Within a few days, the bulk of the excavation was complete and the soil removed. We then turned to digging the footing trenches. The mini-excavators were able to cut most of them, but in a few tight spots we had to dig by hand. The rocky soil was a bit of a challenge, so in some places the crew had to use a rotary hammer equipped with a shovel bit. The advantage of the hard soil is that the trench walls held their shape well, so we didn’t have to use forms for the footings.
Shoring for Safety
The simple stem walls for the house perimeter would be poured in one shot — footing and stem wall at the same time. But the big retaining walls that formed two sides of the new basement living space would be poured in two steps — first the footings, then the main walls.
Before we put our crew under the house to place the rebar and set the forms for those tall walls, however, we wanted to be sure the uphill bank was stable (Figure 3). For one thing, we didn’t want to lose any of the structures that rested on the remaining soil underneath the house — particularly the existing fireplace and chimney, which sat on a pad on grade from decades ago. But more important, we had to be sure that it was safe to work under there — not just when we were forming the walls, but later, when we would have to get in between the new retaining wall and the bank. Once that wall was in place, workers would have to work behind it to strip forms, apply waterproofing, and install foundation drains.
So even though the soils were firm, we decided to shore the bank cut just in case. We started by anchoring a 4x6 cleat to the soil at the base of the cut, using foundation form stakes at 2 feet on-center. Then behind that, we set sheets of 1 1/8-inch plywood, run vertically. We used tongue-and-groove plywood, so the pieces fit together into a sort of panel system. Then, about 6 feet up the panels, we attached another 4x6 timber across those five sheets of plywood as a mid-brace.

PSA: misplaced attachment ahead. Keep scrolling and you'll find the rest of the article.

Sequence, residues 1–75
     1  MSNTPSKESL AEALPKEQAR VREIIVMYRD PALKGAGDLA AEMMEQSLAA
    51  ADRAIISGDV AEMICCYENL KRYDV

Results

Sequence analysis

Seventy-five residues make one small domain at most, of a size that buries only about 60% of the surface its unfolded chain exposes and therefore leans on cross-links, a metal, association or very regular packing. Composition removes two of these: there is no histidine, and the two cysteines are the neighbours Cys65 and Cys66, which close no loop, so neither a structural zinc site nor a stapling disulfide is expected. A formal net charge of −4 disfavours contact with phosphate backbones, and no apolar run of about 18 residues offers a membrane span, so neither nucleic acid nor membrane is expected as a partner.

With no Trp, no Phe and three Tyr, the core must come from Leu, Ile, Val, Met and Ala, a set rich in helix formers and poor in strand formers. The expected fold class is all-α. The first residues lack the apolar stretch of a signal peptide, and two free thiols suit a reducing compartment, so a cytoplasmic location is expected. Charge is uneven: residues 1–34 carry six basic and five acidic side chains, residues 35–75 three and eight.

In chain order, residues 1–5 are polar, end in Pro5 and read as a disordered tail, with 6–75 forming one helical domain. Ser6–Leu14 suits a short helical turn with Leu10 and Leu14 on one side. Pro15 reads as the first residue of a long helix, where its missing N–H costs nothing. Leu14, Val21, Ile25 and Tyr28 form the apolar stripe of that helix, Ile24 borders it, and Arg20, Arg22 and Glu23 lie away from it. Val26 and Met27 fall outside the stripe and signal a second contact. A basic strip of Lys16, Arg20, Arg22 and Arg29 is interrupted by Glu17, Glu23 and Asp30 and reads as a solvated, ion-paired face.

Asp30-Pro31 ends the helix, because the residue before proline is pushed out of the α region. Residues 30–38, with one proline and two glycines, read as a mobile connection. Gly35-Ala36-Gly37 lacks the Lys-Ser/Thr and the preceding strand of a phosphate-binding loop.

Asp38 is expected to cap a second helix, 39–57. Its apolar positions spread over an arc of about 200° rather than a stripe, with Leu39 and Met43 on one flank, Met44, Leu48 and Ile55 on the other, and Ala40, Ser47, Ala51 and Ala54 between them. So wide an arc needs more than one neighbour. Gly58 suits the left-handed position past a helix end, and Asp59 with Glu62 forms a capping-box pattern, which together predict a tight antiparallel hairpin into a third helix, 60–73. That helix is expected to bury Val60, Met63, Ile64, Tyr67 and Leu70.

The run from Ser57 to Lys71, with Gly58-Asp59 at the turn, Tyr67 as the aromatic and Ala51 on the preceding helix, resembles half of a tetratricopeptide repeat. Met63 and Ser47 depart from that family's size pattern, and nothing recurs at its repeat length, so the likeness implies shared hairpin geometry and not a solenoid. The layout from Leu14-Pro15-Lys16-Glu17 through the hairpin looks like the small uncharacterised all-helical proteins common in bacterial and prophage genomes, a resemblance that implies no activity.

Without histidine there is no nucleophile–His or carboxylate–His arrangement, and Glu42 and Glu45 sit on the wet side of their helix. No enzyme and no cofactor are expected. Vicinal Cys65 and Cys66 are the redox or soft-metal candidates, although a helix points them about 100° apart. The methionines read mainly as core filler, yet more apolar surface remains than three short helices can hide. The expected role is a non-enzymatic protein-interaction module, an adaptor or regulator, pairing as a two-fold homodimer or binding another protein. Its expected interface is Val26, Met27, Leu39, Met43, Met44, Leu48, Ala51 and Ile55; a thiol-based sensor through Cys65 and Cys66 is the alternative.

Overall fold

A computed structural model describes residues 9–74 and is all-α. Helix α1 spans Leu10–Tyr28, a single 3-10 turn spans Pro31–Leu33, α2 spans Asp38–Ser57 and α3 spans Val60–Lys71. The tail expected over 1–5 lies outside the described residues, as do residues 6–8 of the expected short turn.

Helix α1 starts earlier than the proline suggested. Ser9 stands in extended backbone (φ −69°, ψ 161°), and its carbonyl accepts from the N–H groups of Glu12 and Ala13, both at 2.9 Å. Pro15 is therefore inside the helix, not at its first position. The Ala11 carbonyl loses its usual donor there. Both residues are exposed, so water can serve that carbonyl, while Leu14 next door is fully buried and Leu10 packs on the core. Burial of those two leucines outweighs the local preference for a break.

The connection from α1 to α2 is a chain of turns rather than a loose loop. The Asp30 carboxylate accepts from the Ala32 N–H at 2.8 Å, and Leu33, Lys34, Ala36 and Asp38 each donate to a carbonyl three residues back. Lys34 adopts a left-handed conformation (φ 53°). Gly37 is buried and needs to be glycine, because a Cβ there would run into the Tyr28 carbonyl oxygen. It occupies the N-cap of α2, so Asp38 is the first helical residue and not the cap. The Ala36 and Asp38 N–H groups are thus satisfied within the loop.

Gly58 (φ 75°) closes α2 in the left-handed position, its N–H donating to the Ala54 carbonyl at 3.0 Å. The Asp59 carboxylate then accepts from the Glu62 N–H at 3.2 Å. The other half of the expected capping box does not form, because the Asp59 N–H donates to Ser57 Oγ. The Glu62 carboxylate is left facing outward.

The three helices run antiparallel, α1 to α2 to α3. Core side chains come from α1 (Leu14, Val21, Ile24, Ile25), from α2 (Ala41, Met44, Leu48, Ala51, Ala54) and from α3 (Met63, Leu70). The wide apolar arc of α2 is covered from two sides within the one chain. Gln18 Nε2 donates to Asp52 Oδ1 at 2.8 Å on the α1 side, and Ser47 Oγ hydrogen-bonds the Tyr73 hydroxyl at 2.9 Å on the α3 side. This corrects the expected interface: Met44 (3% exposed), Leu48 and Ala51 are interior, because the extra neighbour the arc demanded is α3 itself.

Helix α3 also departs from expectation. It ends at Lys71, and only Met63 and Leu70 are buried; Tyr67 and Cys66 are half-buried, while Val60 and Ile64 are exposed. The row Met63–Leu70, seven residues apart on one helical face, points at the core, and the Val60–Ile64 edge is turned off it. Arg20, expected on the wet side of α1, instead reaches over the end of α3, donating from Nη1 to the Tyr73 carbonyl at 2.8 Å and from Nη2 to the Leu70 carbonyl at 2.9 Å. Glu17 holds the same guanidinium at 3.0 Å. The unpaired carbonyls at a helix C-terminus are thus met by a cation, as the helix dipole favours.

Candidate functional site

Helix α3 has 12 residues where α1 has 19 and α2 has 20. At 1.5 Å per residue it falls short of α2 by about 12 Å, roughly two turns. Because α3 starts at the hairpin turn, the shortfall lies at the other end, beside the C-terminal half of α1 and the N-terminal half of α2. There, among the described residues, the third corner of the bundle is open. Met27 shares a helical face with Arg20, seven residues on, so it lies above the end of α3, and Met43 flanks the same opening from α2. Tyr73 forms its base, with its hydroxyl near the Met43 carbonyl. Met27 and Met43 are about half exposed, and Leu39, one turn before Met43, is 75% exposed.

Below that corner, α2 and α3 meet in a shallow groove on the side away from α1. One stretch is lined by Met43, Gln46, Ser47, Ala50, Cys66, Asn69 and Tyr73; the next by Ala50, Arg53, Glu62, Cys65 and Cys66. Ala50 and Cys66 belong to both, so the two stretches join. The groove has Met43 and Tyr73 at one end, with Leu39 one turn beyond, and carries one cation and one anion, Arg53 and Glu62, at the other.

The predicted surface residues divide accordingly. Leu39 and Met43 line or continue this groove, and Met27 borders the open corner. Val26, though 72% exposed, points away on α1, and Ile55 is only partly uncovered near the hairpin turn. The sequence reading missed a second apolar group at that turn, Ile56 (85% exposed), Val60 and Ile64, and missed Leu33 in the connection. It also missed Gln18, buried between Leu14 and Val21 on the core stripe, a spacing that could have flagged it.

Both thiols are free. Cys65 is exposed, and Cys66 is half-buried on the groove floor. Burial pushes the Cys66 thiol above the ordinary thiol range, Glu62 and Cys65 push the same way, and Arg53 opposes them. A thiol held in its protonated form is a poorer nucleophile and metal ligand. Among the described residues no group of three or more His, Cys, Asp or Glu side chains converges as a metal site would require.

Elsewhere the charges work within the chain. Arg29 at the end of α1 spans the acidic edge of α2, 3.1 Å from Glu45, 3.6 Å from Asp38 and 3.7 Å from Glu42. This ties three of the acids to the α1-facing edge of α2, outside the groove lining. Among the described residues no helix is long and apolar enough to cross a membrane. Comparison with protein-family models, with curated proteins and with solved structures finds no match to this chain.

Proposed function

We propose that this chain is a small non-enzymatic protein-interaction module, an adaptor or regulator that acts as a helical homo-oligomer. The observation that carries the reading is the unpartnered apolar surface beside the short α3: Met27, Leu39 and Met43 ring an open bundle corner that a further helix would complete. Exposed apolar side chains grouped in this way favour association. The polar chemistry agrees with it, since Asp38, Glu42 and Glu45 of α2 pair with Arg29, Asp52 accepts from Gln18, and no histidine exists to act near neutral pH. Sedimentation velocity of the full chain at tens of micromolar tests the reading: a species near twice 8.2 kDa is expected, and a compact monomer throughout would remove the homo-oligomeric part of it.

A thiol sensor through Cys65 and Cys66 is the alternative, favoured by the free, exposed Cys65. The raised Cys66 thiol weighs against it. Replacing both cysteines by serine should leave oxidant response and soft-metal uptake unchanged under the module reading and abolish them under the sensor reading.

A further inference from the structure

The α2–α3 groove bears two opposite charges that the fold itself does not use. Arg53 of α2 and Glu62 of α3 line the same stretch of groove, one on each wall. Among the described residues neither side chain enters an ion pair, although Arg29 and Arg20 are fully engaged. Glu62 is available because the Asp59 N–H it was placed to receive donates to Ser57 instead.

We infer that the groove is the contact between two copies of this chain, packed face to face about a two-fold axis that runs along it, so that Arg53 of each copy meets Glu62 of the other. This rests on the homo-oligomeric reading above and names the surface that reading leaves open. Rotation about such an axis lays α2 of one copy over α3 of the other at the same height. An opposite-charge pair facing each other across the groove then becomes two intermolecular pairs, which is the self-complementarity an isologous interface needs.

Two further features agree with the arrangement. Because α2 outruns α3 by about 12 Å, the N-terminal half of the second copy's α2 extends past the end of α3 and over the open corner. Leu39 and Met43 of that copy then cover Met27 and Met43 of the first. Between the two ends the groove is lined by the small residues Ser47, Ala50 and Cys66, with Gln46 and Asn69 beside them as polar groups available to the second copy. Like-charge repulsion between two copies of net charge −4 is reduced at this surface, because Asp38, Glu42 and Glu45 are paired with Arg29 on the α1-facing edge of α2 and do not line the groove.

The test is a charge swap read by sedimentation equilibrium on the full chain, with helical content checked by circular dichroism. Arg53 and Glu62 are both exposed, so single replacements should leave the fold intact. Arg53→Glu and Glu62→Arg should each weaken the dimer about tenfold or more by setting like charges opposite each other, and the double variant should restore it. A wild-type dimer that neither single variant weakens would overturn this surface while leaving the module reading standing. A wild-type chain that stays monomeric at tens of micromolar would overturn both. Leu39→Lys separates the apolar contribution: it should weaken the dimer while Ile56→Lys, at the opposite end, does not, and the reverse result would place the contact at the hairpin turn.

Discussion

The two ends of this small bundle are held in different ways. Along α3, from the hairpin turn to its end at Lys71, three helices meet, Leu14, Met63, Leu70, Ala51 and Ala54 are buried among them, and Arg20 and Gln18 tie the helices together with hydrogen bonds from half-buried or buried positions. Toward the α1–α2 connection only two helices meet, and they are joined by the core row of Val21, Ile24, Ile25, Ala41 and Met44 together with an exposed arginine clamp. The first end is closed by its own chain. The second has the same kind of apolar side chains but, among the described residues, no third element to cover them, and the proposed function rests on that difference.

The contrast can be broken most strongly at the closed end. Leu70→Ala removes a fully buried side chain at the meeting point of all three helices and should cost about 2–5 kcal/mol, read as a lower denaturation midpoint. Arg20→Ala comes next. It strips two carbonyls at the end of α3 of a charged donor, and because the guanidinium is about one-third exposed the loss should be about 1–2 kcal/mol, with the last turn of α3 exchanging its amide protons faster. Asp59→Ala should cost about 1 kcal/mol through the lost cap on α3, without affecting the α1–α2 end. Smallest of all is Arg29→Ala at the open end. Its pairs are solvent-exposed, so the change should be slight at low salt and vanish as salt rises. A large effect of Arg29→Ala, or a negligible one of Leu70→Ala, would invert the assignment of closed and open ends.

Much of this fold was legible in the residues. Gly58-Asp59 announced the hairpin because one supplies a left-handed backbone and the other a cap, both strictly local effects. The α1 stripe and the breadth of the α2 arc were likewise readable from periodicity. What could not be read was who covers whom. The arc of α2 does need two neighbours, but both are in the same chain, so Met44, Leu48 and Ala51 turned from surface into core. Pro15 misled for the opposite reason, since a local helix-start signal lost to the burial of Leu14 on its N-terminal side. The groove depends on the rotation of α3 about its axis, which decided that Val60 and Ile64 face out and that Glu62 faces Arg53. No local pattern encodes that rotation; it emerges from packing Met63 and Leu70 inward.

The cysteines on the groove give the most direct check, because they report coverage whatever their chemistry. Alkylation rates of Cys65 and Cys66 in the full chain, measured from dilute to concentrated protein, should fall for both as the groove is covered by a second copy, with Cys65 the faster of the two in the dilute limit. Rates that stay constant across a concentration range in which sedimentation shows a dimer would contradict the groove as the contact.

We drilled through the 4x6 cleat to make pilot holes for our soil pins, then drilled lengths of 5/8-inch rebar into the bank at an angle. As we got to the point of refusal, we cut the rebar off, leaving about a foot sticking out, which we bent back toward the plywood in a loop. This gave us a soil-reinforcing tie-back that held the plywood in place. Finally, we filled the gap between the shoring and the bank with sand, to establish firm contact.
It was worth the effort. Once the retaining wall was formed and poured, we were confident the narrow space was safe to work in. After waterproofing the back of the wall, we figured out how to remove the shoring system and place backfill at the same time: First we positioned short pieces of 2x4 between the plywood shoring and the new retaining wall, to temporarily brace the shoring. Then we pulled up the 4x6 cleat at the toe of the shoring and began to backfill between the shoring and the retaining wall with Class 2 permeable fill (a standard mix of drainable sand and gravel defined by the California DOT), removing our temporary braces as we went. We then cut off the ends of our rebar pins so we could pull out the strongback, added some more fill, and yanked out the plywood shoring using a come-along. Finally we topped the whole space up with Class 2 permeable, leaving a tight pack between the retaining wall and the bank cut.
Working With Rebar
Because of the seismic engineering requirements in our region, and because we often work on hillsides, our concrete reinforcement usually goes far beyond the minimal steel required on a flat site outside of earthquake country (Figure 4). The size and quantity of the rebar are specified by our structural engineer, who also calls out the length of overlaps at splices and the depth of concrete cover. Typically, we make continuous bends around footing corners, and we also bend continuous pieces of steel at the junctions between footings and walls and at steps in the footing elevations. That means we’re used to bending steel. We own a Hitachi rebar bender that can handle #4 and #5 bar, but on this job we needed to bend some #6 bar, so we rented a heavier bender.